The party of optimism against the party of pessimism.
Let's start with President Obama's speech last night, which set the table for that campaign theme.
A recent Gallup poll says that just 17% of Americans are satisfied with the way things are going in the USA.
Apparently the president is among those 17%:
OBAMA: “By so many measures, our country is stronger and more prosperous than it was when we first started. And through every victory and every setback, I've insisted that change is never easy and never quick.”
So it is clear that the Democratic Party is going to run on a platform that things are swell even though the folks see it differently.
That may be an advantage for Donald Trump.
But there is a deeper theme that has developed at this convention.
And that is love.
SEN. CORY BOOKER (D-NJ): “I love Donald Trump, I’m going to say that. I don't want to answer his hate with hate. I’m going to answer to answer it with love. I'm not going to answer his darkness with darkness. I love him.”
When I first heard Senator Booker say that, I was perplexed but tossed it aside.
Then Bill Clinton said this:
BILL CLINTON: “We were married in that little house on October the 11th, 1975. I married my best friend. I was still in awe after more than four years of being around her at how smart and strong and loving and caring she was.”
Loving and caring the key words of the president's description of his wife.
So now a theme is starting to develop in my mind.
The original summer of love was in 1967, as a bunch of hippies got mellow on the west coast.
In 2016 we are heading toward another summer of love.
But not entirely.
Behind the touchy feely stuff lies the "h" word.
Here's President Obama speaking about the Republican convention last week:
OBAMA: “What we heard was a deeply pessimistic vision of a country where we turn against each other, and turn away from the rest of the world. There were no serious solutions to pressing problems - just the fanning of resentment, and blame, and anger, and hate.”
As we reported last night, Time Magazine columnist Joe Klein is also describing Republicans as the party of hate.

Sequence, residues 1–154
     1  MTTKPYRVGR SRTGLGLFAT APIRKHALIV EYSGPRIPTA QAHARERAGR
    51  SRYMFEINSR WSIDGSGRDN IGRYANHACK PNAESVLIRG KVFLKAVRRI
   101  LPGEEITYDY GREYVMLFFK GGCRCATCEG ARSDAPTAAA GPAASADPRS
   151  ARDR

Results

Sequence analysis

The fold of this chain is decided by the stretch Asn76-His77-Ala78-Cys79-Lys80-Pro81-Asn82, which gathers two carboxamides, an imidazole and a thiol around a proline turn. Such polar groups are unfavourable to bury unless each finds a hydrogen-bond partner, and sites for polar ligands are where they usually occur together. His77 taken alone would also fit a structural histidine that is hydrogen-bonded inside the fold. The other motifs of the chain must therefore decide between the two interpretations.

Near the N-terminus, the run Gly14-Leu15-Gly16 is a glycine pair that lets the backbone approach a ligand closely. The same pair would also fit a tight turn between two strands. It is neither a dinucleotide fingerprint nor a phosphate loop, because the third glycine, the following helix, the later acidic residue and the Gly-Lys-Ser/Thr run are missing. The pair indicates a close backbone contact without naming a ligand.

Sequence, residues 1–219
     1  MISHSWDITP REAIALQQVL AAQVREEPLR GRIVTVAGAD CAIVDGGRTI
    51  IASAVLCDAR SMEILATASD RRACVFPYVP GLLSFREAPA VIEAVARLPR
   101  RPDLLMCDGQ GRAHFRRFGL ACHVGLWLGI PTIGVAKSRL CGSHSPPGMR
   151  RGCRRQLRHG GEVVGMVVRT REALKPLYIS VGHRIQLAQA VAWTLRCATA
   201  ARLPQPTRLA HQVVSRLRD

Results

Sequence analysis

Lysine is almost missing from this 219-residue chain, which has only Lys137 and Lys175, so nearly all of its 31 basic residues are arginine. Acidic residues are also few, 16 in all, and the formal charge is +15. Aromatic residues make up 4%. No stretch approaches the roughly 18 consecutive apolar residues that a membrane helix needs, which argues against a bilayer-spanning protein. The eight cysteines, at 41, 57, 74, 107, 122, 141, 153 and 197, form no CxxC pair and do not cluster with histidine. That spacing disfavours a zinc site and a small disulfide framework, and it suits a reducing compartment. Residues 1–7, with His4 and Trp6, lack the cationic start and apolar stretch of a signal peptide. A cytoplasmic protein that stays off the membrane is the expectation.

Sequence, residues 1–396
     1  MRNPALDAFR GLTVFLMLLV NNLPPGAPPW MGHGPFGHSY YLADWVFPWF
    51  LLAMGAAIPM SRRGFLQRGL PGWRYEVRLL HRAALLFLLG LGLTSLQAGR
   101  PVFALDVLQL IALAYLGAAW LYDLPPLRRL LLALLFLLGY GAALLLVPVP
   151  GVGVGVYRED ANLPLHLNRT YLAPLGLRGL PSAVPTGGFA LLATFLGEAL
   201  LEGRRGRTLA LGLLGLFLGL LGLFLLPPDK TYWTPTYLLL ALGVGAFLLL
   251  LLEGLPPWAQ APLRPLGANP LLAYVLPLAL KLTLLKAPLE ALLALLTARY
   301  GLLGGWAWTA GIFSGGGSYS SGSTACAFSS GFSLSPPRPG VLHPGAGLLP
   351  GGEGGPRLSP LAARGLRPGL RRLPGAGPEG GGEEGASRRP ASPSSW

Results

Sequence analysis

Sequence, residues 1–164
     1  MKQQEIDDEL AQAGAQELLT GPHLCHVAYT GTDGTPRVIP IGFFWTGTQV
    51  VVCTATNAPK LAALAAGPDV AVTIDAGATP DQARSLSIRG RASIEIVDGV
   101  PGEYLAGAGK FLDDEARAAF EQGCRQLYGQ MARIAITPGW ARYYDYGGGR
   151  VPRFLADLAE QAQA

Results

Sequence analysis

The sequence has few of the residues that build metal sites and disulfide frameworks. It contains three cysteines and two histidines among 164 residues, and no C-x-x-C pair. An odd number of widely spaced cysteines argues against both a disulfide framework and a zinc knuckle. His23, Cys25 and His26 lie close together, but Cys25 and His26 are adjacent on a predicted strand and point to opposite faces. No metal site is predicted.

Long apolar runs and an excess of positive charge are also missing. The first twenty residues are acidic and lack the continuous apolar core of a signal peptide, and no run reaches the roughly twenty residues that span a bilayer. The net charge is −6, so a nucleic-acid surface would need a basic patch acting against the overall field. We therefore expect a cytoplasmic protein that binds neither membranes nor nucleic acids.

So as dim as I am, I am now getting it. Democrats -- party of love. Republicans -- party of hate.
That is the dominant theme in Philadelphia this week.
It will be interesting to see if Hillary Clinton creates that image in her speech this evening.
Now it is pretty easy for liberal partisans to despise Donald Trump. His vision is the polar opposite of theirs.
TRUMP: “But I watched last night, and they’re not talking about the real world. They’re not talking about radical Islamic terrorism. They’re not talking about borders where people just pour across. They’re not talking about the crime, the kind of crime that we have in this nation. They’re not talking about the fact that many people in our country are making less money today in terms of real wages than they were making 18 years ago. They’re not talking about that.”
But why would they?
Democrats are running mainly on emotion, that Trump is dangerous to the republic.
But Trump is doing the exact same thing, putting forth that Hillary and the president are incompetent and have drastically weakened the country.
Summing up, love is in the humid Philadelphia air, but it's kind of a phony play.
It is loathing, maybe even hate that is driving the political debate this year.
And all the incense and love beads in the world will not change that.
And that's "The Memo".